CCHD grants help the poor change their lives

By Michelle Martin | Staff writer
Sunday, September 25, 2011

When the Catholic Campaign for Human Development gave nearly a half-million dollars in grants to 24 community-based organizations this year, it was aiming not to provide charity to the poor — although that is good and necessary — but to strike at the very roots of poverty, helping people in need change their worlds and make them better.

“They’re trying to help people understand that they have rights and they have a say in how their life progresses,” said Carol Smith, the Archdiocese of Chicago’s CCHD director. “It’s telling them that they can change things.”

That has always been one of the main goals of the campaign: working with community-based organizations to change the structural causes of poverty. The other goal is to educate Catholics about poverty in the United States.

Both goals took on added urgency this month when the U.S. Census Bureau announced that 15.1 percent of Americans — 46.2 million people — were living in poverty last year, the highest percentage since 1993 and the highest number ever.

‘Faith and Public Life’

Jesuit Father Daniel Hartnett understands the need to offer direct services to the poor. His parish, Most Blessed Trinity in Waukegan, has all kinds of ministries to help.

“We have a soup kitchen and food pantry that have been in operation for over 20 years,” he said in an email. “Now, while it is important to respond to the immediate needs of our neighbors who are in need, and we plan to do so as long as it is necessary, we also feel compelled to bring about real transformations in people’s lives, both at the personal level and structural levels.”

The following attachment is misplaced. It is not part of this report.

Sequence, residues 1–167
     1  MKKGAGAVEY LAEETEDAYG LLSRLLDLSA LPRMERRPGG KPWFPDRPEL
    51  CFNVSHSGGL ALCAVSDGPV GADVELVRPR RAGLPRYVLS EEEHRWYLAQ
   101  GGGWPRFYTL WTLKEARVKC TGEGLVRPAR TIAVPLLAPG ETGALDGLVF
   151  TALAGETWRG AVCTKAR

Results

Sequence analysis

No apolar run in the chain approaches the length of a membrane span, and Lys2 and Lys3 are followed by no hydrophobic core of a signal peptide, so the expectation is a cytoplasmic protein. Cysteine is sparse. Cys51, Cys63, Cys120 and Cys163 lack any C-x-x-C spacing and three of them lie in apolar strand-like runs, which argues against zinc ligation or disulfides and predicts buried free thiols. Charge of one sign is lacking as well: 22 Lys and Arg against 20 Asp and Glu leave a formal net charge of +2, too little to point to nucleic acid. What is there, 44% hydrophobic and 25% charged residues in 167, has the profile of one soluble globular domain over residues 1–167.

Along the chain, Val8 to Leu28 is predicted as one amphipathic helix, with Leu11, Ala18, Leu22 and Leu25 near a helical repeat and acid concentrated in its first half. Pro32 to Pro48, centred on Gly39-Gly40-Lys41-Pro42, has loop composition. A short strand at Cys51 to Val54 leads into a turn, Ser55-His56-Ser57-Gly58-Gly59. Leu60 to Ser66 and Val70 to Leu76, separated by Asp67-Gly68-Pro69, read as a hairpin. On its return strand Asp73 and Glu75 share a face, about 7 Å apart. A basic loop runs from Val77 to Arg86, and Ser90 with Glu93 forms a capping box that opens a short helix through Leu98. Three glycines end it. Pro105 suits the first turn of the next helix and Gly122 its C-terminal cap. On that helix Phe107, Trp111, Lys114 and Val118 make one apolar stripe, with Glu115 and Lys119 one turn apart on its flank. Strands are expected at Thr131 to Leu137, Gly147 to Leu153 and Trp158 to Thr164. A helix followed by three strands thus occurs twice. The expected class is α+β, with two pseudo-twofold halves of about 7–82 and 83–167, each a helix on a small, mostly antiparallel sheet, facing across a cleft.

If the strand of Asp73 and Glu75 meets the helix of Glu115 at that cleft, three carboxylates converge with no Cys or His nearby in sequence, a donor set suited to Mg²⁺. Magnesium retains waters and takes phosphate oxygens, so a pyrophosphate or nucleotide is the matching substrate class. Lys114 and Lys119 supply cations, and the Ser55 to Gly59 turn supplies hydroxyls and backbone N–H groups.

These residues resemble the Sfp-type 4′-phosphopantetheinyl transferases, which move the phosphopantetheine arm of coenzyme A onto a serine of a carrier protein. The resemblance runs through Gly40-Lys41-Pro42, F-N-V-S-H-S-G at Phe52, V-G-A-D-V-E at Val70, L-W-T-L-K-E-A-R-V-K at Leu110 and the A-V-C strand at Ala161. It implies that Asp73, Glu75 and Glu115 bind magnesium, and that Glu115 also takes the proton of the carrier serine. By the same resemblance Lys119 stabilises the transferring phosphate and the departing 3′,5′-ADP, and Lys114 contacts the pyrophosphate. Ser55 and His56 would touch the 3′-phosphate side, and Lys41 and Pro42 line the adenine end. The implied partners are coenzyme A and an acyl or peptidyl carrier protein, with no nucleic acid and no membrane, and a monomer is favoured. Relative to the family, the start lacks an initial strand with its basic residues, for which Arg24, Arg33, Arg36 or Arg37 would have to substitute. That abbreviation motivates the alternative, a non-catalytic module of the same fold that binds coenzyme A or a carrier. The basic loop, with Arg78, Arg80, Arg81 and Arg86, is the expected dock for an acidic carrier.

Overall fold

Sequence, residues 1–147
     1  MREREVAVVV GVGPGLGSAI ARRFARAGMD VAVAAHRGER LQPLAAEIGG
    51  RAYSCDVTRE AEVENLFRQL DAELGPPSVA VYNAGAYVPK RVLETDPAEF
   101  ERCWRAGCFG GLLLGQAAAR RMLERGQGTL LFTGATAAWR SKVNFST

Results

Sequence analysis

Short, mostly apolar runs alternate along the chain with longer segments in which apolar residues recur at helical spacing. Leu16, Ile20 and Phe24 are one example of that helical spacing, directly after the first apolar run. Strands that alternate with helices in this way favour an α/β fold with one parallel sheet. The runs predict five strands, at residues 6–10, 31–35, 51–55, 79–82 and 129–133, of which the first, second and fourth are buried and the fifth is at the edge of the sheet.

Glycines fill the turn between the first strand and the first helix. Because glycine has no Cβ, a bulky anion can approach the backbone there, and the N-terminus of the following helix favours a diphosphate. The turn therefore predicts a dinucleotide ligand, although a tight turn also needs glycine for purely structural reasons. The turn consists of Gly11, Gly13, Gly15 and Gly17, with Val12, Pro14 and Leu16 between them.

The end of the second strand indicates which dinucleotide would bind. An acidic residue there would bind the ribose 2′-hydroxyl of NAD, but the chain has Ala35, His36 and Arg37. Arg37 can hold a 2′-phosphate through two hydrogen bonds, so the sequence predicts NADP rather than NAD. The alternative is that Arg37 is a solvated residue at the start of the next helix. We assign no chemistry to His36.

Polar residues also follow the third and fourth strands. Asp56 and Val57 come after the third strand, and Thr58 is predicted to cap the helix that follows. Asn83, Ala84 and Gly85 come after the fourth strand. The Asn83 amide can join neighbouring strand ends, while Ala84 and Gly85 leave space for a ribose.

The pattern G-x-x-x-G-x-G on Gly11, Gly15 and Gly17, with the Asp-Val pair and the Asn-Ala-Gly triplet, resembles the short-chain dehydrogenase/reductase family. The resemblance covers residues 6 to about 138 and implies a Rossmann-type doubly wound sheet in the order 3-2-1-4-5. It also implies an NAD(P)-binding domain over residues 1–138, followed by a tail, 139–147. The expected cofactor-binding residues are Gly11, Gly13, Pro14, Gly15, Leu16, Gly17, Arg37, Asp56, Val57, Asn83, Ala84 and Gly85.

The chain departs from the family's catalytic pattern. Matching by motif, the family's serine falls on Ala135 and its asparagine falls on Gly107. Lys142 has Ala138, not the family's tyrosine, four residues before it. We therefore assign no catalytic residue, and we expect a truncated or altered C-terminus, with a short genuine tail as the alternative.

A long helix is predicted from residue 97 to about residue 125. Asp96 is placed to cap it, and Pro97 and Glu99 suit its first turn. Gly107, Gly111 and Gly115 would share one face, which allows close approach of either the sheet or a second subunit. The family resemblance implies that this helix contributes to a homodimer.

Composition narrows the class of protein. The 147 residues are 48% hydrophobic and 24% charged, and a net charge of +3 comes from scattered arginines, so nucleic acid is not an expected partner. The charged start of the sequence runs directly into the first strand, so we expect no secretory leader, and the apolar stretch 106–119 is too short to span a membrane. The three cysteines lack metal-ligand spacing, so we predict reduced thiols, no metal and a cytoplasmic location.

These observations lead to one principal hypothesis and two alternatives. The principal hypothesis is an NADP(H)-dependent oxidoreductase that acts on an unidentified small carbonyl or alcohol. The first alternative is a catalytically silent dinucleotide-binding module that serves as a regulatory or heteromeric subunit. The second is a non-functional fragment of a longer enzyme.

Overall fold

That’s the point of a new initiative called “Fe y Vida Publica” (“Faith and Public Life”) that received a grant of $14,489 from the campaign at the Sept. 7 awards reception.

“The purpose of ‘Faith and Public Life’ ministry is to foster these transformations and to create within each of our 60 ministries a deeper awareness concerning the intrinsic relationship between faith and public life,” Hartnett said.

“As people of faith, we have a basic duty to engender an effective difference in our world and to make our world a true home for all. In order to bring about this real social change, our Faith and Public Life ministry devotes itself to social action in the following areas: immigration reform, education reform and increased civic engagement in the Waukegan area.”

Generous givers

The CCHD grants are funded by a collection taken up in parishes the weekend before Thanksgiving; this year, it will be Nov. 19-20. Last year’s collection brought in $620,749. Half the money is used here in the archdiocese, with a portion going to the national Catholic Campaign for Human Development to help projects around the United States. Local grants can be renewed for up to three years.

Other organizations in the Archdiocese of Chicago that received grants this year work on issues such as the rights of workers, especially day laborers, housing, the rights of senior citizens and disabled people and chastity education.